Global LGBT activists talk about their experience in Israel during Pride week
Building connections, dialogue, and collaboration between the LGBTQ leaders of Israel and the rest of the global LGBTQ community is the goal of #BeyondTheBridge, a new global initiative of A Wider Bridge.
“We have seen that there is important work we can do, beyond connecting North American and LGBT communities, which has been our mission to this point,” said Arthur Slepian, Executive Director of A Wider Bridge. “This new initiative, Beyond the Bridge, ‘Me’ever la Gesher’ is the beginning of moving our work into a more global dimension.”
During the launch event last week in West Hollywood, global LGBT leaders spoke about their experience in Israel when they attended the “40 Years of Pride” conference in Tel Aviv, and also got to travel around the country.
Jennifer Pizer from Lambda Legal, Justin Tindall from It Gets Better, Davis Mac Iyalla from Nigeria and Vince Garcia, a Los Angeles LGBT Community Leader, spoke about memorable events during their visit, which also included interaction with Arab LGBT people.
“I met an Arab Israeli gay man, he was out online, but secretly; he was very much closeted within his community,” recalled Justin Tindall, International Programs Coordinator for the It Gets Better Project. “He came to meet us for lunch, and I can’t really express the actual feeling I got of how scared he was. He just could not be comfortable sitting there with us at lunch because he was so scared that he could be outed simply by being next to us. And then at the conference you get to see Arab youth who are living out and they explain to you what it’s like to be openly LGBT in Israel and the experience is so different. And so we definitely see that there can be striking contrast in Israel.”
“ In Bethlehem and Jericho we had an opportunity to talk with our tour guide who, over the course of the day, spent more time with us and was talking about a range of political things,” Jennifer added. “At one point toward the end of the day it was pretty clear to him that he was surrounded by a bunch of gay people and he was enjoying the conversation. He talked about a friend of his who’s gay that he cares about a lot, and at one point the friend was dating a guy that the guide he really didn’t like, and then he sort of explained that the reason he didn’t like the guy was not that he wasn’t making his friend happy, but that he was kind of being obvious about being gay, and he kind of didn’t like it personally but he also was afraid that it might put his friend in danger.”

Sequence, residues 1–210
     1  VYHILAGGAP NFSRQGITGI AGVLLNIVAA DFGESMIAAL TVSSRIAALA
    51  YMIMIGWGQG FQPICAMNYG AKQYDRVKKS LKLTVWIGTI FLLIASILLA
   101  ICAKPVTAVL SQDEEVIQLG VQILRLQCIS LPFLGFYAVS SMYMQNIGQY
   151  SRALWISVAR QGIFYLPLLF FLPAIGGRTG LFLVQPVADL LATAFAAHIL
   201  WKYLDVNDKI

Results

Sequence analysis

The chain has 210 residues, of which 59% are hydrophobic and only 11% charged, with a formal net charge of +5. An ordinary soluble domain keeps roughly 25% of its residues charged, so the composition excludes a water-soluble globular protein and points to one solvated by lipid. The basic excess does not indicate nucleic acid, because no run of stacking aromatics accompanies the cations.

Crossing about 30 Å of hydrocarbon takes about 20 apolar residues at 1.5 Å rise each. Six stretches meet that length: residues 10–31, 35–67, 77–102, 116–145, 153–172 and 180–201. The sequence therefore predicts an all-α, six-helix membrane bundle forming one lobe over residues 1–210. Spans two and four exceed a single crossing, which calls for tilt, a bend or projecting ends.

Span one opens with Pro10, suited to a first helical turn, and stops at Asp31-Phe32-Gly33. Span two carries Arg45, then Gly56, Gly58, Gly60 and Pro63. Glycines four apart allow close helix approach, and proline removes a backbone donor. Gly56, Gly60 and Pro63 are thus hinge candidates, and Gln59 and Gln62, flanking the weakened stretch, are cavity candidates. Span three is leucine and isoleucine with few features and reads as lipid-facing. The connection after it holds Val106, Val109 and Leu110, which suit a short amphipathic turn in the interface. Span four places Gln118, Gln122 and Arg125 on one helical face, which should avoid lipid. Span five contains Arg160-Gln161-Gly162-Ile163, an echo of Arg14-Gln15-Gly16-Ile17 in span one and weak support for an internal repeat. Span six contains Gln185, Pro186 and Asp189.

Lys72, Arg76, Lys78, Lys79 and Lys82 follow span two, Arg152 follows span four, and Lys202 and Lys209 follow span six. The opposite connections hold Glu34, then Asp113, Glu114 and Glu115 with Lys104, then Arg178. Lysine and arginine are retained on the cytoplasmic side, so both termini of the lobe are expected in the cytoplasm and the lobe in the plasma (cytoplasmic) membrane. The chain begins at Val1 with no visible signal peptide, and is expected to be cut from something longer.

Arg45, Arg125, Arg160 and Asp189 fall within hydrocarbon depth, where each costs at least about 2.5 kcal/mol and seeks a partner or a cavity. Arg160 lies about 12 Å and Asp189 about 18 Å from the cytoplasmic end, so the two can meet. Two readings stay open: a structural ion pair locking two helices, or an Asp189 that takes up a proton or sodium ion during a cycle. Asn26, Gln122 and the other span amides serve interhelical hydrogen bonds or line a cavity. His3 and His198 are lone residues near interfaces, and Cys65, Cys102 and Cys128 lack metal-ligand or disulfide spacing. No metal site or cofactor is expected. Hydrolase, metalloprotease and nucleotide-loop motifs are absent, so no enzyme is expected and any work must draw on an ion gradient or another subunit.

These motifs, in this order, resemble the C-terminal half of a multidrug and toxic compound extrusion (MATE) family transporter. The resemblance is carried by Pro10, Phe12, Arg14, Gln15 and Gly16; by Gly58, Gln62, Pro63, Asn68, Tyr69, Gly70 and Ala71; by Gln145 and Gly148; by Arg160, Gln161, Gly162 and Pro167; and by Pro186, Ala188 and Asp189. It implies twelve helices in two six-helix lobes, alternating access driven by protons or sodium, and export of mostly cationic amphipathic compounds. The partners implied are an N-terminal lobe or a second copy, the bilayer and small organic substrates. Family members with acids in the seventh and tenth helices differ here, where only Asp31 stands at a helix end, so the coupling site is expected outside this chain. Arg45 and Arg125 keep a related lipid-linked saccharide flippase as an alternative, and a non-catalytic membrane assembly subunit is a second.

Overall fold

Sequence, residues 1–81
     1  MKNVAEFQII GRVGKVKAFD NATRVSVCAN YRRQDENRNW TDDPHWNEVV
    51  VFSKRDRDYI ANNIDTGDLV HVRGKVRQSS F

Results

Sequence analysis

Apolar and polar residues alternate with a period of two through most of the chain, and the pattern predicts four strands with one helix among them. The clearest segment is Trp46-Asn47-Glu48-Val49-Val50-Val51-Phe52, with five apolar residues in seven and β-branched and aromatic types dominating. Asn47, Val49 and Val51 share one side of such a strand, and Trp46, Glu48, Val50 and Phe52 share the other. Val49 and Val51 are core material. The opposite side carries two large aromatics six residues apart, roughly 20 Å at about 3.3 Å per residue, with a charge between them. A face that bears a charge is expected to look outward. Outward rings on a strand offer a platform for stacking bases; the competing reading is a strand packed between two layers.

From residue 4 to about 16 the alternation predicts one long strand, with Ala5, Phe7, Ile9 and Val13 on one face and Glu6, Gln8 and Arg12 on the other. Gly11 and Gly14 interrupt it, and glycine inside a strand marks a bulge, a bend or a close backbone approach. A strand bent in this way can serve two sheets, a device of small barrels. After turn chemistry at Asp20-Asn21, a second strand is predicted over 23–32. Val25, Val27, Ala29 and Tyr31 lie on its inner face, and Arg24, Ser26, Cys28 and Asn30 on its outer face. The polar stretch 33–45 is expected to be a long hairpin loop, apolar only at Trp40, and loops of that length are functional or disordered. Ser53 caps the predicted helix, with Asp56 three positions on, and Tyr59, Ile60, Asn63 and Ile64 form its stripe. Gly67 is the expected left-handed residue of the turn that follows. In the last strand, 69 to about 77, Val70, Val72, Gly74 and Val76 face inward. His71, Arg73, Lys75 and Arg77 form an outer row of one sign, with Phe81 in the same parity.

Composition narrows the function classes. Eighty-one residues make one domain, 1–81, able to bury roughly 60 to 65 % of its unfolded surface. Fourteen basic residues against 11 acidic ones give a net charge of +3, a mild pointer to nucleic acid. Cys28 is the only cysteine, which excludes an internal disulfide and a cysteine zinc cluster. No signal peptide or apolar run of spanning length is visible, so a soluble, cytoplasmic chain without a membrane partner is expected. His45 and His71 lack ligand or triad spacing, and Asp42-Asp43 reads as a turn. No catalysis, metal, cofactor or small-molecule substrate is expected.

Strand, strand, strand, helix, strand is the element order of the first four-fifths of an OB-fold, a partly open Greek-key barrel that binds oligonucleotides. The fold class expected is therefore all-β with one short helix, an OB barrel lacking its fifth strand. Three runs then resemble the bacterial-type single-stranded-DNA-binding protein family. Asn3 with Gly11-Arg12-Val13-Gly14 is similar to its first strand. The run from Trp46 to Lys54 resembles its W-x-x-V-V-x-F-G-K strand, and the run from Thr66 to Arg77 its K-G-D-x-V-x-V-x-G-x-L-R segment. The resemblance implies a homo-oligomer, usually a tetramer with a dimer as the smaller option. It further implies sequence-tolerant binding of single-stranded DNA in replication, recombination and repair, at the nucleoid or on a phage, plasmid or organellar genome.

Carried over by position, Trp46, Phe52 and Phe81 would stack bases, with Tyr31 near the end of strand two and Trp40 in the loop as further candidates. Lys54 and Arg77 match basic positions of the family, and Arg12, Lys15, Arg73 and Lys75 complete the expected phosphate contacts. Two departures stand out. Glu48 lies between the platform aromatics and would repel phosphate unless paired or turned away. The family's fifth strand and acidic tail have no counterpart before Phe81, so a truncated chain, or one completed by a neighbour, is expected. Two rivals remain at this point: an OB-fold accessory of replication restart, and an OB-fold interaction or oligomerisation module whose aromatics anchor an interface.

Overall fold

“It was a sort of a measure that there’s receptivity, I think, to progress,” Pizer continued, “and part of the reason why it’s important that we do this kind of work forming relationships and sharing ideas, is because I think there’s a lot of receptivity to it, and there are still plenty of people who have ideas that men should butch it up and women should fem it up and some of us aren’t so good at that, but those are still social expectations in a bunch of places and we should keep having people tell their stories to bring it to a more direct personal level.”
In addition to describing how amazing it was to march in the Tel Aviv Pride and attend the first ever transgender rights meeting in the Israeli Knesset, the leaders also spent time talking about the harsh comments they faced from anti-Israel movements and people by choosing to go and explore Israel first hand.
“I got a very bad reaction from people who are really anti-Israel from all around the world,” said Davis. “But here in America it was from people who call themselves human rights activists, and they said ‘oh gosh, he’s been bribed’ and they got Nigerian activists to attack me. But on the other hand I got a lot of good feedback, especially about talking to LGBT Palestinians that no one was talking about, so in a way I was taking the conversation into a whole different dimension.”
Justin Tindall suggestes that the Palestinian issue and the LGBT equality issue in Israel are not connected to each other, as he learned from his meetings with fellow gay Arabs. “I think they can separate the issues,” Tindall says. “I think they can say yes, there are complications being someone who’s Arab living in this country. Things that I feel because there I’m being discriminated against. However, as an LGBT person I do find acceptance and inclusivity in this country that I would not find anywhere else. So I think that they are better than many other people here in the United States in actually distinguishing the issues. I can disagree or be upset about one issue, but that does not reflect my entire perspective of this country. And I think it’s a lesson all of us can learn from these young people that are able to see exactly the reality of what they’re facing.”